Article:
Azarya was sentenced in February to 18 months in prison for the filmed, execution-style shooting of 21-year-old Palestinian Abdul-Fattah Al-Sharif in the southern occupied West Bank city of Hebron last year.

His defence team appealed both the manslaughter conviction and the 18-month jail sentence as being too harsh. However, the Israeli military prosecution submitted an appeal to increase the sentence.

Read: Israeli army prosecution files appeal for harsher sentence for Elor Azarya

A mediation process between the prosecution and the defence failed to yield a plea bargain in June.

According to the Times of Israel, Azarya’s military service term is set to end on Thursday, meaning that the soldier would not be able to remain confined to a military base.

He will now be held under house arrest until the end of the appeal process.


However, the defense has argued that Azarya has been unfairly targeted and that his sentencing represents a “selective enforcement of the law”, according to Human Rights Watch (HRW).

“Indeed, Human Rights Watch has repeatedly documented the fact that the problem is not the conduct of a single soldier, but an atmosphere of immunity from punishment for illegally killing Palestinians,” the rights group said in June.

(Source / 17.07.2017)

Israeli Navy Injures Two Fishermen In Khan Younis

17 JUL
8:44 AM

Israeli navy ships opened fire, on Monday at dawn, at Palestinian fishing boats, close to the shore in Khan Younis, in the southern part of the besieged Gaza Strip, wounding two.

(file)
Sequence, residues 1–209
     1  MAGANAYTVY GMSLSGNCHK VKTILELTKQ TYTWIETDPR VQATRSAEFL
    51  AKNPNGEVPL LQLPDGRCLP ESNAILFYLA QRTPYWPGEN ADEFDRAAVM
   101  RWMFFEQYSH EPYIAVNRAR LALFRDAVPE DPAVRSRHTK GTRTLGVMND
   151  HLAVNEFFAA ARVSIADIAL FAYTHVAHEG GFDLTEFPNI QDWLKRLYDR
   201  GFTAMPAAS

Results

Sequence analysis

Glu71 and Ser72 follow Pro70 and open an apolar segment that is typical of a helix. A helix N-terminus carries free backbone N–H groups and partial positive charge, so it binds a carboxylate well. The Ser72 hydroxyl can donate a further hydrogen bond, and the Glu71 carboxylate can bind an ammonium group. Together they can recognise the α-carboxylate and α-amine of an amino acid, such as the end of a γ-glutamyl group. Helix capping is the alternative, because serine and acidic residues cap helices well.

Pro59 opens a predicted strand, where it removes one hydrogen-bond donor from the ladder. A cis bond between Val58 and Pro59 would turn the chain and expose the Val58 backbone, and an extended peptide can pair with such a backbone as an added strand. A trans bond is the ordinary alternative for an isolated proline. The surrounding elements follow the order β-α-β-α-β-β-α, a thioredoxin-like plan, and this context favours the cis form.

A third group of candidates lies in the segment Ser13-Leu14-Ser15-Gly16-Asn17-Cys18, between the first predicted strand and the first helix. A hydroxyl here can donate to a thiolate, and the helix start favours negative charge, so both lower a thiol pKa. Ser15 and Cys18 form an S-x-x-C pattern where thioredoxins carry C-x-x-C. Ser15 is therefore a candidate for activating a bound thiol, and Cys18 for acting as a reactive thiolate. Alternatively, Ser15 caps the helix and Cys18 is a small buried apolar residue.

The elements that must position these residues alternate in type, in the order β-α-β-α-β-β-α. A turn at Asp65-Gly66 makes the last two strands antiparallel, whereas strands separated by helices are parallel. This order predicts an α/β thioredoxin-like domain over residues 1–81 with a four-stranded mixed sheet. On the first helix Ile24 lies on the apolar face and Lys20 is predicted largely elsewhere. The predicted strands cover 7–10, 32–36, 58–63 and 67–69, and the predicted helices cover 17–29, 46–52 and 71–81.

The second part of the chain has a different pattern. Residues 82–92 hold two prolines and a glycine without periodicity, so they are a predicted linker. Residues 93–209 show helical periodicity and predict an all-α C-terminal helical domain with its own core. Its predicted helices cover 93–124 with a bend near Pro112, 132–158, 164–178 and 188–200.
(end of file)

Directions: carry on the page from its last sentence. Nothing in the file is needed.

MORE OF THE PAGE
Eyewitnesses said the navy fired dozens of live rounds at many fishing boats in the area, wounding the two fishermen in their legs, and causing damage to at least one boat.

The fishermen had to sail back to the shore in fear of further Israeli escalation and violence, while medics rushed the moderately wounded man to Nasser Hospital, in Khan Younis.

(Source / 17.07.2017)

Israeli minister calls for punitive demolition of Jerusalem attackers’ homes

Minister calls for punitive demolition

BETHLEHEM (Ma’an) — As an Israeli minister called for the demolition of the homes of three Palestinian citizens of Israel who were killed on Friday while carrying out a deadly attack in occupied East Jerusalem, rights group Adalah called for an investigation into the police’s killing of the alleged assailants.

According to Israeli news outlet Ynet, Israeli Minister of Public Security Gilad Erdan called on Sunday for the Israeli government to consider demolishing the homes of Muhammad Hamid Abd al-Latif Jabarin, 19, Muhammad Ahmad Mufdal Jabarin, 19, and Muhammad Ahmad Muhammad Jabarin, 29, the three men who shot and killed two Israeli police officers in Jerusalem’s Old City, before being shot and killed by Israeli forces in the Al-Aqsa Mosque compound.
The Jabarins are all residents of the Palestinian-majority town of Umm al-Fahm in northern Israel. The two slain police officers, Hail Stawi and Kamil Shinan, were also Palestinian citizens of Israel from the Druze minority community, which is subjected to mandatory military services, unlike Muslim citizens of Israel.
“The decision on whether to demolish has to do with the question of whether this phenomenon plays a central part in that sector,” Erdan told Ynet — using the Israeli term “sector” to refer to the Palestinian community inside Israel, which represents at least 20 percent of the population.